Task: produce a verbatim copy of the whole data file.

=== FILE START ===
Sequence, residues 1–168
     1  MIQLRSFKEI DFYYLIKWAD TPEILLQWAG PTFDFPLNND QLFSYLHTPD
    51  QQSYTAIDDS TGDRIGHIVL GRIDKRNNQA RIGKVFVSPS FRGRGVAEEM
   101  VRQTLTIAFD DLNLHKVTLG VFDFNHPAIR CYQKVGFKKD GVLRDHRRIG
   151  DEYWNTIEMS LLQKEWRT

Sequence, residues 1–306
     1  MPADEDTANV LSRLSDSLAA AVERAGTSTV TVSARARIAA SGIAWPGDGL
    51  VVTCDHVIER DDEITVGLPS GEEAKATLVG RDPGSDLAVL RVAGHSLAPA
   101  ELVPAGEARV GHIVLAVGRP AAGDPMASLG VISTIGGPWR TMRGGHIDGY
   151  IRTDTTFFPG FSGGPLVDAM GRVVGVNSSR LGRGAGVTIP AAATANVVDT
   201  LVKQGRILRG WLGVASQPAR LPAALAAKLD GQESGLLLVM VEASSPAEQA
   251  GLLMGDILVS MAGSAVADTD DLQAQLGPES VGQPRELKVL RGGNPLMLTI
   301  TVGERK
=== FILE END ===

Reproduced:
Sequence, residues 1–168
     1  MIQLRSFKEI DFYYLIKWAD TPEILLQWAG PTFDFPLNND QLFSYLHTPD
    51  QQSYTAIDDS TGDRIGHIVL GRIDKRNNQA RIGKVFVSPS FRGRGVAEEM
   101  VRQTLTIAFD DLNLHKVTLG VFDFNHPAIR CYQKVGFKKD GVLRDHRRIG
   151  DEYWNTIEMS LLQKEWRT

Sequence, residues 1–306
     1  MPADEDTANV LSRLSDSLAA AVERAGTSTV TVSARARIAA SGIAWPGDGL
    51  VVTCDHVIER DDEITVGLPS GEEAKATLVG RDPGSDLAVL RVAGHSLAPA
   101  ELVPAGEARV GHIVLAVGRP AAGDPMASLG VISTIGGPWR TMRGGHIDGY
   151  IRTDTTFFPG FSGGPLVDAM GRVVGVNSSR LGRGAGVTIP AAATANVVDT
   201  LVKQGRILRG WLGVASQPAR LPAALAAKLD GQESGLLLVM VEASSPAEQA
   251  GLLMGDILVS MAGSAVADTD DLQAQLGPES VGQPRELKVL RGGNPLMLTI
   301  TVGERK